Wednesday, April 30, 2008

Yahoo! and Jajah: Match Made in Heaven or Been There Done That?

This week's announcements about Yahoo! marrying Jajah – maybe they're just cohabitating – and AIM Open Voice APIs have everyone going gaga, racing to be first in the blogosphere with the news, and singing the industry-disruption Hallelujah Chorus.

Pardon me for being the one suggesting the emperor just might not be wearing pants.

If you think I'm being missing the boat here (and I'm fair enough to admit that's possible), take a walk with me down memory lane: Yahoo! buys Dialpad. AOL announces VoIP rollout. eBay buys Skype. Google buys GrandCentral. All of them earthshaking news at the time, or so it seemed from the laudatory tone the press took:

"Skype chief executive Niklas Zennstrom, who will join eBay's senior management team, said the deal would help 'revolutionise the ease with which people can communicate through the internet'." -- BBC News September 12, 2005

"Google's buy of the small Unified Communications (UC) tech company GrandCentral is a sign that voice communications will soon become a big part of Gmail." – PC World, July 3, 2007

"We're very excited that we'll be scaling our IP-based technology for the benefit of millions of Yahoo users," he [Dialpad CEO Vincent Paquet] said. "It will bring the ability to bring IP-to-PSTN connectivity for current and future Yahoo services." – June 5, 2005

And the industry-disrupting results were…?

I'm waiting.

When was the last time you made a phone call with AIM? Or Google Talk? Or clicked-to-Skype an eBay seller to ask if those hot red Steve Madden pumps were new or worn?

And even if you did those things, making a phone call isn't exactly industry disruption – we've been doing it for 100 years.

While I'll 'fess up to a cat-like contrarian streak -- I'm still not much impressed by anything about the iPhone except its design – I think there's a serious question here: Why can't Internet companies do anything much with voice? It's not like they haven't had time or resources.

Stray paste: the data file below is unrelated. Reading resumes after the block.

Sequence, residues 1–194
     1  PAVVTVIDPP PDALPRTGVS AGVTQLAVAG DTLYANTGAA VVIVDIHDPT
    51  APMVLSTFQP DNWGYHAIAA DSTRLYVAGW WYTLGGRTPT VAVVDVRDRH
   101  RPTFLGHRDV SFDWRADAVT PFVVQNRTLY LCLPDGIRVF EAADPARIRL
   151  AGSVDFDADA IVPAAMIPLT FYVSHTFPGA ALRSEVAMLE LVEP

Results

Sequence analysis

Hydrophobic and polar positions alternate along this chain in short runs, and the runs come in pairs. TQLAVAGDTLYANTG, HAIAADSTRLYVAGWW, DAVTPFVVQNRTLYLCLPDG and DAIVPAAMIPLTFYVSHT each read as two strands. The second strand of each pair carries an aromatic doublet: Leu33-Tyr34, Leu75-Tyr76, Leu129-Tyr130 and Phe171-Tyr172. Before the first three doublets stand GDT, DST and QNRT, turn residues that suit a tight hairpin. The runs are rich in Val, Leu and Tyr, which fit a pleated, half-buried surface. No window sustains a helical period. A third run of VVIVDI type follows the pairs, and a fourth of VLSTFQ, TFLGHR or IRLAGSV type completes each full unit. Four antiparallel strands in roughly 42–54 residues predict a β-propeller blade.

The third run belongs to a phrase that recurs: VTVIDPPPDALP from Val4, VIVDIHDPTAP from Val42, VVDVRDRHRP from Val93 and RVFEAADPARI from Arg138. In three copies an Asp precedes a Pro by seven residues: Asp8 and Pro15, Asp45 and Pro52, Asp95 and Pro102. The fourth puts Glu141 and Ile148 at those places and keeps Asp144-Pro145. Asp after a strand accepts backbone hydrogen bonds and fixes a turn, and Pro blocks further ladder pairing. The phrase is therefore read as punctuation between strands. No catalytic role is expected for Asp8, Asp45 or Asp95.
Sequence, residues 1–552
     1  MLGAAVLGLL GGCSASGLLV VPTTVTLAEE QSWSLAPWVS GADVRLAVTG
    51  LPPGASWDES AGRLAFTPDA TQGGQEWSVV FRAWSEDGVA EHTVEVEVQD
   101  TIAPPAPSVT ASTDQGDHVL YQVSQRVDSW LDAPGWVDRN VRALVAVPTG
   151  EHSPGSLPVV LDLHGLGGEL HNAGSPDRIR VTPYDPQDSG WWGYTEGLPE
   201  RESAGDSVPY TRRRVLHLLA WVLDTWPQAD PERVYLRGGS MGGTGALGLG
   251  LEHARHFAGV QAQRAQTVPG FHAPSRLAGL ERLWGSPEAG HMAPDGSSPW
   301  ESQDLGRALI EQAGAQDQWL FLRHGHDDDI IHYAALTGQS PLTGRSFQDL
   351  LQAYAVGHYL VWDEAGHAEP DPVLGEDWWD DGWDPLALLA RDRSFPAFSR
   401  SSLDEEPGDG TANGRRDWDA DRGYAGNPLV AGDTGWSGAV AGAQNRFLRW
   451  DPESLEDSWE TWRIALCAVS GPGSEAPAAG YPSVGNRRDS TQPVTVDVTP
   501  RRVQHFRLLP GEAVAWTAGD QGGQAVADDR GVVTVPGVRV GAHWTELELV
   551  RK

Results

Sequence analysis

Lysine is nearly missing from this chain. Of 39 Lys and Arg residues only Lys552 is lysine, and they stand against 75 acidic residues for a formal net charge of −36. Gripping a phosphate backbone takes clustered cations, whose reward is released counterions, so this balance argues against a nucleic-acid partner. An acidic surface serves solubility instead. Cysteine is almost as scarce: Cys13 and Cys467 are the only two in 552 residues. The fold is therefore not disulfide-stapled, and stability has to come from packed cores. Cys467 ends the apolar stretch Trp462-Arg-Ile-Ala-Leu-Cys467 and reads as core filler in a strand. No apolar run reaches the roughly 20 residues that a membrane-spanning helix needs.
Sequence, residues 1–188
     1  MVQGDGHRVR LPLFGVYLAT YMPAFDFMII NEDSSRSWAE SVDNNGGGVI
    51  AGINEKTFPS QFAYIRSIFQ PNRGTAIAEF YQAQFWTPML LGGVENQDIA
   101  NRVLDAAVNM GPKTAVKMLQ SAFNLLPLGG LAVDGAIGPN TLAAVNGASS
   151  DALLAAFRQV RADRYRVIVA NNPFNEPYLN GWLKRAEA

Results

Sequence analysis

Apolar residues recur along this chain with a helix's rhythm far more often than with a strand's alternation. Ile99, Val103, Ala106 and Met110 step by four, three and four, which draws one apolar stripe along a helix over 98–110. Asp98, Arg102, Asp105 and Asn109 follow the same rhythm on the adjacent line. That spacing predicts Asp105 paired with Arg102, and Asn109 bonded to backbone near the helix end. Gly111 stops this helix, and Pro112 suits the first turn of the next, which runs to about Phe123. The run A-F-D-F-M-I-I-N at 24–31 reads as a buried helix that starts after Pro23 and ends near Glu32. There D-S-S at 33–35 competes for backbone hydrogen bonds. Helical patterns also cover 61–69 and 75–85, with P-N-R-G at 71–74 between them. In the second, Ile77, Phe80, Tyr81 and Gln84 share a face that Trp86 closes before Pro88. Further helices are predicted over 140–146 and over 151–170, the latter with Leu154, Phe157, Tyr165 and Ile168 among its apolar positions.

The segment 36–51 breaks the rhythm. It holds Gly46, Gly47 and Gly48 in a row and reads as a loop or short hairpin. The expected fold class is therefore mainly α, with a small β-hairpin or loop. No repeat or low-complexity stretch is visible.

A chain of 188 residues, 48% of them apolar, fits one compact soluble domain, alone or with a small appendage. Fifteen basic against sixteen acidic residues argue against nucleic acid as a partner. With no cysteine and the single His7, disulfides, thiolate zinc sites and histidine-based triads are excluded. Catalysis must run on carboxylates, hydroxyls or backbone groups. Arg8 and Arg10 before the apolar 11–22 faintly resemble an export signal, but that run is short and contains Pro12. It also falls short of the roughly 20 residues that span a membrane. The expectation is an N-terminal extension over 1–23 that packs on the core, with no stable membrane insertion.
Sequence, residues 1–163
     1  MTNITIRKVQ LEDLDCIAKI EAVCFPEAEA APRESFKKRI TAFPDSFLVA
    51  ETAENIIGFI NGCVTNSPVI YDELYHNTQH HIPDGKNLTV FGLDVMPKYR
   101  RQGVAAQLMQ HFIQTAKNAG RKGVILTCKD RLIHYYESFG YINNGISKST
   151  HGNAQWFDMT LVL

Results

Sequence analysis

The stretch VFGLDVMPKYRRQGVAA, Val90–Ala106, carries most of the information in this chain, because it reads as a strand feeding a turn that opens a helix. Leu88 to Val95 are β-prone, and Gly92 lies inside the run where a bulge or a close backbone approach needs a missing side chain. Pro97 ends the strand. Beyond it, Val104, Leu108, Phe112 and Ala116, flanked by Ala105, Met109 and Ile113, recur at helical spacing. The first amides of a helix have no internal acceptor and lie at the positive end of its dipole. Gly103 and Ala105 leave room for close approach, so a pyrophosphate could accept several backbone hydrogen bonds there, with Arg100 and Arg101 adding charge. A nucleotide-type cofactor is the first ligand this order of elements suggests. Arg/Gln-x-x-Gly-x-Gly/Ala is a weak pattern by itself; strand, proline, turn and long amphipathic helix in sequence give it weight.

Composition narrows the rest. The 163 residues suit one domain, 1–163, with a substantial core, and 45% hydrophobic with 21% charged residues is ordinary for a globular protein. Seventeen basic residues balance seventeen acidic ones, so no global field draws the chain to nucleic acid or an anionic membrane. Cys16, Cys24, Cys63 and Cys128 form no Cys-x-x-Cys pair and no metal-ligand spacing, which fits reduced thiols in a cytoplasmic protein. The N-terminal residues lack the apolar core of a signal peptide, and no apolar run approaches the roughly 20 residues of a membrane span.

It's not a technical problem – if it were, Silicon Valley's bright boys and girls would have solved it. No, it's a paradigm problem.

Internet companies are all about helping people do things on the…Internet. They're about clicking, not calling. They're more about searching than finding.

Looking up "Italian restaurant" on Google gives you 5,730,000 search results, including Luigi's in Spokane, WA, Orlando's in Lubbock, TX and House of Kebabs in Sunnyvale, CA.

ATT, on the other hand, gives you the Yellow Pages -- with a list of under 100 close-by Italian restaurants and their phone numbers.

Local online search tools just add more steps to something that's pretty simple with a phone book. For example, Google Maps gives me 45,827 results for "Italian restaurant near Santa Clara, CA."

So I'm not going to start having hot flashes over Yahoo! and Jajah until I see something that's actually new. They might start by putting click-to-order-a-pizza in the search results.


Dan York said...

I'm still laughing after reading your post. Many thanks for providing a contrarian viewpoint. As one of those who wrote this week about both the Yahoo/Jajah and AOL deals, I definitely do appreciate reading other viewpoints... and the sanity check reminding us that we've been down these roads before. :-)


Khyle said...

I think the deal is positive from the perspective of the Voice 2.0 industry.

But your overall point, I think is dead on (noting also that in recent days, both Thomas Howe and Alec Saunders have been harsh on AOL's Voice API as well). My personal thought is that many of the deals you mentioned are akin to filling up shelf space.

Big internet companies think this market will be big, but they don't quite know how to build the market and/or be innovative in this space. So they buy someone who has some success, and sit them on their product shelf so that they can say they are players in the market.

I work for IfByPhone, a company in this space. What we and others like VoiceSage, VoodooVox, Lypp, etc can do, and the price points we can do it at are pretty revolutionary. Sooner or later, the voice 2.0 market will develop fully.

But I wonder if the big companies can truly be innovative in this space unless they truly get it.

Paul Sweeney said...

you know, someone really should answer these questions, from the analyst side....

Andrew said...

Fantastic post - and you resonate the sentiments I feel strongly about - (listen to Alec's Saunders Squak Box about the AOLin announcement to hear my rant) Voice 2.0 is working in some areas, but certainly no ground breaking mashups have yet to actually create a business model that works.

Large companies can leverage Voice 2.0, but it yet fails to create new industries or opportunities.

Look forward to following you blog. Cheers.

PS - IfByPhone is pretty slick, I am digging deeper.. good comment Khyle.

Anonymous said...

Like the style but need more toppings for my pizza I'm still hungry, where's that yellow pages ?